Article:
Hap's Snowplowing Page

A. M. "Hap" Ramnes, my grandfather, was a Maintenance of Way employee of the M & St L Railway and successor C & NW for 51 years. He worked in many locations in southwestern Minnesota, Iowa, and South Dakota, and became familiar with a great deal of the trackage the company operated in these areas. I have been told that the part of the job he enjoyed the most was going out on the snowplow gang. He left a collection of pictures from 5 different decades of snowplows, snowplow operations, and the men behind making them work.

I regret that I never took the time to ask detailed questions about these photos. I spent considerable time with him after he retired while I was growing up, we were usually fishing or drinking Pepsi (NOT Coke!) at the pool hall or Ye Ole Fox on Fox Lake. I also have many great memories of driving around Sherburn in his Studebaker Lark three speed, and playing cribbage.

Snowplowing was hard and dangerous work but it must have been very rewarding as well. The dependence on railroads in the first half of the 20th century is hard for us to imagine now but at the time they were the way that many people not only travelled but communities recieved merchandise, mail, and fuel. When the lines were plugged with snow these commodities were not available so they needed to be opened up as soon as possible. I have read accounts of towns having the school band greet the arriving snowplow train as they celebrated reopening communications with the outside world.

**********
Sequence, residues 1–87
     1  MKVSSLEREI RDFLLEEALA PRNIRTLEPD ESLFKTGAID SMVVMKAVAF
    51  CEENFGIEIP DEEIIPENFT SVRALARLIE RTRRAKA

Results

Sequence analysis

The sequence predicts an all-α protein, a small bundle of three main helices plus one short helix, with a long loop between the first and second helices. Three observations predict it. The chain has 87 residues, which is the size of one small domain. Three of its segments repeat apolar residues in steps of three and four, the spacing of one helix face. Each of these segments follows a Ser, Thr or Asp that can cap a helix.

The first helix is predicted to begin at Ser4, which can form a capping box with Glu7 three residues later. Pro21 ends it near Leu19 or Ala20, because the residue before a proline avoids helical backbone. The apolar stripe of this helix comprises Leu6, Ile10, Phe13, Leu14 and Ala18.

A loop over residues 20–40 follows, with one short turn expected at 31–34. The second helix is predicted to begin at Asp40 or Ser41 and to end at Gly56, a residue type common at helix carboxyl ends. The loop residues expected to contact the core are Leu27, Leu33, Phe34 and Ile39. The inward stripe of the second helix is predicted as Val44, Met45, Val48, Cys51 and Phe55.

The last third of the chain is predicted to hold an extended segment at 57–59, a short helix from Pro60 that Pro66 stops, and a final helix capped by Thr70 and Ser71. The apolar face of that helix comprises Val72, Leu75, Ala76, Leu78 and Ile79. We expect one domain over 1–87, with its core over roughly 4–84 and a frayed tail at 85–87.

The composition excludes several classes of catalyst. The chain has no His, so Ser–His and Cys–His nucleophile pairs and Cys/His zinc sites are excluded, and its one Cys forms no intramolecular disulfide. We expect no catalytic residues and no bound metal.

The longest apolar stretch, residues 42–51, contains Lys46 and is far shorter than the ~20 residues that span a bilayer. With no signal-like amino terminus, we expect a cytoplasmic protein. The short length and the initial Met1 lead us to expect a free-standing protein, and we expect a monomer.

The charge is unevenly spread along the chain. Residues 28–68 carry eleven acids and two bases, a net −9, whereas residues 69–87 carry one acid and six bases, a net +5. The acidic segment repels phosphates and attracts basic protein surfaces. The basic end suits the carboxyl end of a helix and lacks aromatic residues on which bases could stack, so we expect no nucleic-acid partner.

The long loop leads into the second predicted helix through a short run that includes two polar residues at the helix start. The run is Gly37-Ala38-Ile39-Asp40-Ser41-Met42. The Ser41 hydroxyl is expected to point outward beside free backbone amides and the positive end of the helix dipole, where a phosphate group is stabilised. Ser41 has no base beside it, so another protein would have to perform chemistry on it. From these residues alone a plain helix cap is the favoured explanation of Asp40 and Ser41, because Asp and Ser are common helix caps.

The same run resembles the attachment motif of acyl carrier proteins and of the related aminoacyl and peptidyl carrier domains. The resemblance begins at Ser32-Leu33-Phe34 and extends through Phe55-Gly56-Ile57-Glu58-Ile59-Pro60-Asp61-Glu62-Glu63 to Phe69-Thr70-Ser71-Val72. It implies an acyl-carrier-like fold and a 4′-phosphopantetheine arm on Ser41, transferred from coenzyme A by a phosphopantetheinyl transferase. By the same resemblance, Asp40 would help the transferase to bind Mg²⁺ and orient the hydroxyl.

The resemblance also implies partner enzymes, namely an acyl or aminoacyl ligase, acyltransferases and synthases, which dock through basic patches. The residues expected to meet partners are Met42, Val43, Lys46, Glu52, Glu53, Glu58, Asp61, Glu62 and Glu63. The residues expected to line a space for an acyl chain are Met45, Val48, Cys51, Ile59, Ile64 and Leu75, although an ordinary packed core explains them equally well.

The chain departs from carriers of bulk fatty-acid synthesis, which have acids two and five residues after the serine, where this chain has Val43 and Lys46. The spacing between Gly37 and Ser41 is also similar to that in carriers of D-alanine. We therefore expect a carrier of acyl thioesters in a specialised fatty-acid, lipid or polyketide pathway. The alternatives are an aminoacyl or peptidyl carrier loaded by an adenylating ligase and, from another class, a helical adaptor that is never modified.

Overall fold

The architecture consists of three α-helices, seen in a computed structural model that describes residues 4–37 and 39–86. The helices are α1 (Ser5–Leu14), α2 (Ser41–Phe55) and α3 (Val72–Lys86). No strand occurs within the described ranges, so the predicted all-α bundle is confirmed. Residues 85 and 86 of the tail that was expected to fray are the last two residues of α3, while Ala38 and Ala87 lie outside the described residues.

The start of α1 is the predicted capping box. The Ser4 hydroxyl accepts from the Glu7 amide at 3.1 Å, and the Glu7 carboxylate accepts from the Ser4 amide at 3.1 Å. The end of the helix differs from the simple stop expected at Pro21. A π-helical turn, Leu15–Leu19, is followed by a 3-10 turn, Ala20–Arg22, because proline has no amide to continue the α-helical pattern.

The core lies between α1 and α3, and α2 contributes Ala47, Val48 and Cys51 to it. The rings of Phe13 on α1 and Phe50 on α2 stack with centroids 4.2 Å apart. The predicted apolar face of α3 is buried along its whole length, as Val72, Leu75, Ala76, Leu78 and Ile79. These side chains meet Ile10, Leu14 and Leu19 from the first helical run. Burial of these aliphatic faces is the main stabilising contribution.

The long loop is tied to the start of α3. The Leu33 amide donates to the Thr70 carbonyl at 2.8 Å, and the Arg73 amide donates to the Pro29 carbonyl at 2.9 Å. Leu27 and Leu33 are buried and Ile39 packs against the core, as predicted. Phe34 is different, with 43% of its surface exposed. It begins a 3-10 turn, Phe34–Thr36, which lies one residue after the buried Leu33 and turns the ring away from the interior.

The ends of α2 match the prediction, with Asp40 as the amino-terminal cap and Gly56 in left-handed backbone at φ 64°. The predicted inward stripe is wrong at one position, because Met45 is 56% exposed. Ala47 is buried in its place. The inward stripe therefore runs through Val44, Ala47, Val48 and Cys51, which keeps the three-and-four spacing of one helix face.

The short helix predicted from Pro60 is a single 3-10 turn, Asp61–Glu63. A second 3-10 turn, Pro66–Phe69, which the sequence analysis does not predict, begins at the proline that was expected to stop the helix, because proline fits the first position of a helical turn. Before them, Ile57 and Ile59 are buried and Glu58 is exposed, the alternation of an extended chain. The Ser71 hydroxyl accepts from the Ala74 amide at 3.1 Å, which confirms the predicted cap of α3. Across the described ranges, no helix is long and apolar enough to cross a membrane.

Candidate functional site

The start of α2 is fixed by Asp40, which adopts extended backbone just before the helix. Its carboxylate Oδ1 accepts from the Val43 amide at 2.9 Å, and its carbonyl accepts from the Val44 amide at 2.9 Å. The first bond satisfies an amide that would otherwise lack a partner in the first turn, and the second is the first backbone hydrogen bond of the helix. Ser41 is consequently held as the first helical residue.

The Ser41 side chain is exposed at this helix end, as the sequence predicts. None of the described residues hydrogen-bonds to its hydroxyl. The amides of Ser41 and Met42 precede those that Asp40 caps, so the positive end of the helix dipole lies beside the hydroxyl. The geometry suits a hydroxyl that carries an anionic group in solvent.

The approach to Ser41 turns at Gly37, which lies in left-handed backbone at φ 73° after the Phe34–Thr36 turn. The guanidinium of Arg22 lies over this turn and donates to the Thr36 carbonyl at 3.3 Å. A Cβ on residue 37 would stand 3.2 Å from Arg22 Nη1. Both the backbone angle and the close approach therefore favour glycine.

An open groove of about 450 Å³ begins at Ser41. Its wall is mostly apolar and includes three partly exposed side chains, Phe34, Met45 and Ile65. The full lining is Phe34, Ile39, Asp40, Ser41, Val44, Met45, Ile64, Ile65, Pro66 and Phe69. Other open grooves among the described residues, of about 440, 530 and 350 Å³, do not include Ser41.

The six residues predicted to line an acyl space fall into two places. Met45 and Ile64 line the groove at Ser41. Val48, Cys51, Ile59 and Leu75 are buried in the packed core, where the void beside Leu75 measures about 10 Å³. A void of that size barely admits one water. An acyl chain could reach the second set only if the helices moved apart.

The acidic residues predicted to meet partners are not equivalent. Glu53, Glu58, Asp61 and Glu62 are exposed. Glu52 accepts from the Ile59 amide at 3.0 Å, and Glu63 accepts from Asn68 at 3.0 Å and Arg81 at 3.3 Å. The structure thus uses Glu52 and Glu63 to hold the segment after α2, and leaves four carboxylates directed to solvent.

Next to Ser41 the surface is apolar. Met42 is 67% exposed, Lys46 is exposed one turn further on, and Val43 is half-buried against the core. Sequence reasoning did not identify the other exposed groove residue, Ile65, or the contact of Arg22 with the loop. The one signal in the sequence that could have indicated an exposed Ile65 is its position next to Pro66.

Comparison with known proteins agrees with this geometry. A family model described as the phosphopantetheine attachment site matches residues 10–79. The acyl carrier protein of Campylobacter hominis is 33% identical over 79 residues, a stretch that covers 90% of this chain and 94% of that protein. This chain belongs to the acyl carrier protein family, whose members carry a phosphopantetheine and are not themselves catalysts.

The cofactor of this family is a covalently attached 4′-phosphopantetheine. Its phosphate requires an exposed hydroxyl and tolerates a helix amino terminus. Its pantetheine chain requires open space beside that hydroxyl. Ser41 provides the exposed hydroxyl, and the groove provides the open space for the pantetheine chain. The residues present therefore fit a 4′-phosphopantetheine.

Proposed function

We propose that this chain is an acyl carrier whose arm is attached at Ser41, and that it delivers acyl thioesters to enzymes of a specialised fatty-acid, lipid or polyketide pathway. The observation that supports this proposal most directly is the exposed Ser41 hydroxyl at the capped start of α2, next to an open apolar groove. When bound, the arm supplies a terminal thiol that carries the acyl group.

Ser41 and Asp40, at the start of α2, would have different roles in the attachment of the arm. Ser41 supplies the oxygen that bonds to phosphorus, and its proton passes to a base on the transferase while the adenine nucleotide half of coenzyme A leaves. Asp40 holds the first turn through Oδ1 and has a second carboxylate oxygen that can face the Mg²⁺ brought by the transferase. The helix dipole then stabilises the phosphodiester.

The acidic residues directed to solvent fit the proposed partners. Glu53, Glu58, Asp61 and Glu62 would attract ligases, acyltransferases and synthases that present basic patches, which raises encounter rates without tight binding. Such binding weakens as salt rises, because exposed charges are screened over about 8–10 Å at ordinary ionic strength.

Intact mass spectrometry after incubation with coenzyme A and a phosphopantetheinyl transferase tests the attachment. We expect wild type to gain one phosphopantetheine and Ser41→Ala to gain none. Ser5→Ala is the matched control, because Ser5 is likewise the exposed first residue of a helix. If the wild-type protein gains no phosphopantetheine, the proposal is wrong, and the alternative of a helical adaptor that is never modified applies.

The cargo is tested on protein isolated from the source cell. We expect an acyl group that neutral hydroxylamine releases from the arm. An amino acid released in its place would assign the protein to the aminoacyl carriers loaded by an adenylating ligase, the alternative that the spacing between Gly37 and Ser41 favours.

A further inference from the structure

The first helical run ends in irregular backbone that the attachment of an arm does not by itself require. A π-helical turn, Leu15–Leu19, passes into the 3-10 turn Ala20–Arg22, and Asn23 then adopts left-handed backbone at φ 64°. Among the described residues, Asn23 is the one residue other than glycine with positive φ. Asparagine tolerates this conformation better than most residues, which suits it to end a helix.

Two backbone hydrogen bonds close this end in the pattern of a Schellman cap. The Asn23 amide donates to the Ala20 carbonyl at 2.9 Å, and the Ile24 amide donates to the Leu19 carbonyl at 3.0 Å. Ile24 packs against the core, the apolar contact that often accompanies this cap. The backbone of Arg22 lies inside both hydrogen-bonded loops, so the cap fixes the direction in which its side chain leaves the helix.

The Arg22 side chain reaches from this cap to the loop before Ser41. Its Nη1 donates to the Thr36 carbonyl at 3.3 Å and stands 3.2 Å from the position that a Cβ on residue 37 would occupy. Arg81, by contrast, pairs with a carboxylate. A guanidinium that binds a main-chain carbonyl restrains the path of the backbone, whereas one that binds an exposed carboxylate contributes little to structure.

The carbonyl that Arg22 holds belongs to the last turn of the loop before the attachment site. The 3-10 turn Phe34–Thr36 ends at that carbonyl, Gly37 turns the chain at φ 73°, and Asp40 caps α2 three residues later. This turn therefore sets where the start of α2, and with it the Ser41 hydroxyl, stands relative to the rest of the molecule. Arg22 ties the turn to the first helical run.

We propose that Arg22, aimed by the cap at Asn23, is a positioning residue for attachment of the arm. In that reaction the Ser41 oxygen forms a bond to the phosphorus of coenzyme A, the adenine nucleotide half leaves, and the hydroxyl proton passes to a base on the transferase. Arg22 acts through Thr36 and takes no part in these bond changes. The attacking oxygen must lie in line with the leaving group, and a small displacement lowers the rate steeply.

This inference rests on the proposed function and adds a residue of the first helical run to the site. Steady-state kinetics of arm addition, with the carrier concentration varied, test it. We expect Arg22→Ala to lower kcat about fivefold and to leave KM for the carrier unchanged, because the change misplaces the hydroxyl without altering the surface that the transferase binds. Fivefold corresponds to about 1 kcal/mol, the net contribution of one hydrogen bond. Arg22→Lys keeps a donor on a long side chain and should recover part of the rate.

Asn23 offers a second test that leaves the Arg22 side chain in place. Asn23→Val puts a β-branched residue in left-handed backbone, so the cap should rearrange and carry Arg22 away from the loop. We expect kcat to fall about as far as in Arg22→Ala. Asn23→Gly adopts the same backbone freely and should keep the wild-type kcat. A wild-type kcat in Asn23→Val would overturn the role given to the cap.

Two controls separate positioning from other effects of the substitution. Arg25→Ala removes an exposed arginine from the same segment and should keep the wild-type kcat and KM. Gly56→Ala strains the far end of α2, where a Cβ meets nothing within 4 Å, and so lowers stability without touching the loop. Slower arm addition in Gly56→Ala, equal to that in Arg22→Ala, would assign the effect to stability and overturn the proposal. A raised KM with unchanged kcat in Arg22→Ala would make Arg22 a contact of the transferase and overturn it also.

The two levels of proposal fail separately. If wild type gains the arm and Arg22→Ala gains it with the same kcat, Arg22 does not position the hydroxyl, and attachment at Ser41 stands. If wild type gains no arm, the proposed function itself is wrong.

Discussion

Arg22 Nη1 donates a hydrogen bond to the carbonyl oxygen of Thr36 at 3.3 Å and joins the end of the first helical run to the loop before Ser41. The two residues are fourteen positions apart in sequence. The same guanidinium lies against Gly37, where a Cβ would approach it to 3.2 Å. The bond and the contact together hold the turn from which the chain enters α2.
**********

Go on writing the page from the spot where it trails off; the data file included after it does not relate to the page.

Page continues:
These photos also show the danger inherent in plowing snow on a prairie railroad. Men were injured and killed trying to open up and keep the tracks open and it must have taken some special courage to ram a locomotive and snowplow into a drift higher than a man's head at speed. There was also the challenge of shoveling out when the entire train became stuck.

I have divided the photos by decade. There are links below to each decade. You can also see the retirement letter my grandpa received from CNW president Ben Heineman, and the poem my dad, Dave, wrote to honor Hap's retirement. It tells the story of a snowplowing adventure south of Ormsby. If you have questions or comments about this page please direct them to me here. On with the show.

Creamery Cut, December 1927

Various locations and equipment, 1936. Includes wedge and rotary shots

MSTL 456 left the tracks plowing near Hanska, Feb. 16, 1948

Alco RS-1's working with a Russel Plow, Klossner, MN, and melting snow near New Ulm, 1951

MSTL GP-9's push a Russel through a cut, 1962

Other miscellaneous photos

Take me back to Hap's Snowplowing Page